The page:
Download figure to PowerPoint
Evaluations carried out in dengue-endemic areas have provided promising results, but have also evoked criticism. First, the new system would be too unspecific in defining severe dengue that needs close monitoring, therefore imposing a heavy workload on the health services in resource-poor countries; second, there would be too much focus on unusual dengue manifestations (Barniol et al. 2011; Srikiatkhachorn et al. 2011).
To date, the new classification had not been widely tested in returning travellers. In this population, the situation is different from permanent inhabitants of endemic areas, where only severe dengue is notified (Phuong et al. 2006). By contrast, travellers are inclined to seek medical attention early in the course of their disease. As a consequence, data from travellers better reflect the distribution over the different categories of severity. DHF and DSS are not reported frequently in this population. Of 483 dengue cases in the European Network on Imported Diseases, 2.7% were reported as DHF, with a 4.3 times higher risk among immigrants and travellers visiting friends and family, compared with tourists (Jelinek et al. 2002). DSS and death from dengue are uncommon. Two deaths were reported in a series of more than 250 cases of dengue imported into the United States between 1993 and 2000 (MMWR reported weekly Imported dengue US 1993–2000).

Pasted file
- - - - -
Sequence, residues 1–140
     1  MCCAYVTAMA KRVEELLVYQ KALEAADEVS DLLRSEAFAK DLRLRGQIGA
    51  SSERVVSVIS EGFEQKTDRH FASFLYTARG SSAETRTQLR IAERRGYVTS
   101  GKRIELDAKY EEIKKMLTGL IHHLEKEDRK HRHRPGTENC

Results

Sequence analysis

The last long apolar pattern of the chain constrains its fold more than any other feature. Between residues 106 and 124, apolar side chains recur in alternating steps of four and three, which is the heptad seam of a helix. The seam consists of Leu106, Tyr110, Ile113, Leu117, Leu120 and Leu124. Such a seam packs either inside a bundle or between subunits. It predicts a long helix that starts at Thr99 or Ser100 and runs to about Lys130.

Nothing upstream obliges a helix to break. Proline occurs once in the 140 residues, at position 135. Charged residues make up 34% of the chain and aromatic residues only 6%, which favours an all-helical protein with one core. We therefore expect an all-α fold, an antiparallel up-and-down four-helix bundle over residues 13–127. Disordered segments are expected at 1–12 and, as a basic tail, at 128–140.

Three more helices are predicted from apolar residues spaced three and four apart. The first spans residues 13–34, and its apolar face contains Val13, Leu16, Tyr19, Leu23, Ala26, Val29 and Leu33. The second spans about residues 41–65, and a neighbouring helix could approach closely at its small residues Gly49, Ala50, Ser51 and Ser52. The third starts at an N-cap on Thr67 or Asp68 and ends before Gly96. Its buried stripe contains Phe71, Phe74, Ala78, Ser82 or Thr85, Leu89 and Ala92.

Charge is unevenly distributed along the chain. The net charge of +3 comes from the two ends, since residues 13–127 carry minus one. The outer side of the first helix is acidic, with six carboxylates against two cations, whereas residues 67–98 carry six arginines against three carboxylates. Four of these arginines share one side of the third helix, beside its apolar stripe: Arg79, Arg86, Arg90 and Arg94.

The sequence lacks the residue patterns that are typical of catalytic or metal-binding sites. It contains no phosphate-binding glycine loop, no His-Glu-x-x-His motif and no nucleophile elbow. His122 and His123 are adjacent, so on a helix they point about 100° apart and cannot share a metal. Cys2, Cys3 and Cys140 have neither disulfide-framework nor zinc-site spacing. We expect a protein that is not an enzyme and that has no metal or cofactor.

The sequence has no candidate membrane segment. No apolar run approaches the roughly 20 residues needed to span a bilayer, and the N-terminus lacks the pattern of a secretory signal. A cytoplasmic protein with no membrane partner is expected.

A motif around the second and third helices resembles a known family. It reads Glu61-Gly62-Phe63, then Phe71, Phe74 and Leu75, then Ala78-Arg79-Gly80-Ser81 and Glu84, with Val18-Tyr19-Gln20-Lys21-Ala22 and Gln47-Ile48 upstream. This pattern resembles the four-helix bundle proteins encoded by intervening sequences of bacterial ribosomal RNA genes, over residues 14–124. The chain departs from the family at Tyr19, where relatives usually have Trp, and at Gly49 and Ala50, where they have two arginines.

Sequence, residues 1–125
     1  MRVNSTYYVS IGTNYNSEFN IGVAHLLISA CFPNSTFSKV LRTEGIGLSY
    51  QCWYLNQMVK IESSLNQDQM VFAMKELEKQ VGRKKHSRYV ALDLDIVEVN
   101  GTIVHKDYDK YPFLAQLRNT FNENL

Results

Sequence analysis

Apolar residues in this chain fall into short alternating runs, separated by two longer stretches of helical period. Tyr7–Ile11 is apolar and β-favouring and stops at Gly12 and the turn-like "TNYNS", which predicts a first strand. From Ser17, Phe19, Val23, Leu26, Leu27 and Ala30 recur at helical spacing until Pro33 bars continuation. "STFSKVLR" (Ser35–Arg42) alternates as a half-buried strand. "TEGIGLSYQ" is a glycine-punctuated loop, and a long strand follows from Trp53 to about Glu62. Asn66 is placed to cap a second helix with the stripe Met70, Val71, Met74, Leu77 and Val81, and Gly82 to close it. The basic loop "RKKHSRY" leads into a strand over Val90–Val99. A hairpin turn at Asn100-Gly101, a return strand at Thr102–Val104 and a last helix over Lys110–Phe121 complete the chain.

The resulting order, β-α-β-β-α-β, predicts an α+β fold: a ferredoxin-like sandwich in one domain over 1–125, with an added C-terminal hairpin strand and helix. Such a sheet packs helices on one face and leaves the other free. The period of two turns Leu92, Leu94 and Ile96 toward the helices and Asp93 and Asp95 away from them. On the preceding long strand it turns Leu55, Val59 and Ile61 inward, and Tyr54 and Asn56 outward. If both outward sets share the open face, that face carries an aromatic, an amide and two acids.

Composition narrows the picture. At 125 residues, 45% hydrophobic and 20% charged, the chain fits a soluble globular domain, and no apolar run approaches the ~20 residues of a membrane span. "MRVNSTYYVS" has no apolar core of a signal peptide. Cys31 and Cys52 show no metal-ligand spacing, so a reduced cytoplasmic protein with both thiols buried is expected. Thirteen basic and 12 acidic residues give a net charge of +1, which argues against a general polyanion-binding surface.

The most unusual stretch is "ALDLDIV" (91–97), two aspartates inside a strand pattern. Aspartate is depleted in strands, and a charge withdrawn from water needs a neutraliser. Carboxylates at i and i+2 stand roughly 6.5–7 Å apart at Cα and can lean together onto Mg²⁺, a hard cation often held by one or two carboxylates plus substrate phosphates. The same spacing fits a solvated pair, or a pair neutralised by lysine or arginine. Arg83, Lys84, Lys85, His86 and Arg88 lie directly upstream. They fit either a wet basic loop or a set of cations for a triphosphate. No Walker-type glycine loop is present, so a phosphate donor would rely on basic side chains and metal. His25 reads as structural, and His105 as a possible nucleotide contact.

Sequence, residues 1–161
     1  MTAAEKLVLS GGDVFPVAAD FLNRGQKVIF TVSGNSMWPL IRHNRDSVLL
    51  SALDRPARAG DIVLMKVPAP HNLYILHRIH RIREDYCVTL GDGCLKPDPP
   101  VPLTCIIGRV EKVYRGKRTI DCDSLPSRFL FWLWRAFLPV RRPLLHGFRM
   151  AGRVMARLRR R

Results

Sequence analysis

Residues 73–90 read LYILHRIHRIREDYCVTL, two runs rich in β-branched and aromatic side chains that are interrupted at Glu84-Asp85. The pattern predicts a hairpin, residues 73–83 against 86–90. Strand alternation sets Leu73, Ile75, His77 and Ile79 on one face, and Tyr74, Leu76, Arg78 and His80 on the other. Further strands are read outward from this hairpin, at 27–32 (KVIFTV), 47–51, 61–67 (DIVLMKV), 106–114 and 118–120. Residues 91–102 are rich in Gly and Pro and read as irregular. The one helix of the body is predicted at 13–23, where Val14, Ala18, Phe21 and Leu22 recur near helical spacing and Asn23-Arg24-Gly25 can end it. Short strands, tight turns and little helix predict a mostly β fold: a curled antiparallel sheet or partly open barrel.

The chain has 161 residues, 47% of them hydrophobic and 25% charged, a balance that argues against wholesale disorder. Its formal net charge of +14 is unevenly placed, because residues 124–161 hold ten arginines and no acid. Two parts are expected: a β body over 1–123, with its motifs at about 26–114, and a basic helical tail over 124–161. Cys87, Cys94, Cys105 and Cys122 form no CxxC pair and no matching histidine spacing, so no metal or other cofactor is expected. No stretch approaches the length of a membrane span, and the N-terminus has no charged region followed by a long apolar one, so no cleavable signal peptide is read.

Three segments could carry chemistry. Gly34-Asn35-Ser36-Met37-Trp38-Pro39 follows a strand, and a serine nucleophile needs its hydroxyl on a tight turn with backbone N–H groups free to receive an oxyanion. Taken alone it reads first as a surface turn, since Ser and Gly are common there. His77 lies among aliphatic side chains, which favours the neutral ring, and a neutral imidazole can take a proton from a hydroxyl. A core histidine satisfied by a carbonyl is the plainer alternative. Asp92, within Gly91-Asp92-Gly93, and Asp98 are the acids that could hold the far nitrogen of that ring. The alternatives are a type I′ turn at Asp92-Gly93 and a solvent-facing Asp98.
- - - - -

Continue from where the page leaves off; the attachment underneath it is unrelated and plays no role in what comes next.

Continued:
We compared the old and the proposed new dengue classification system in returning travellers for whom dengue serology was requested. We used clinical and laboratory characteristics of these patients to assess whether the warning signs as postulated by Alexander et al. (2011) apply to returning travellers, whether sensitivity and specificity of both diagnosing dengue classification systems differed, and whether clinical data currently gathered at the Academic Medical Center (AMC) were sufficient to categorise patients according to the proposed guidelines.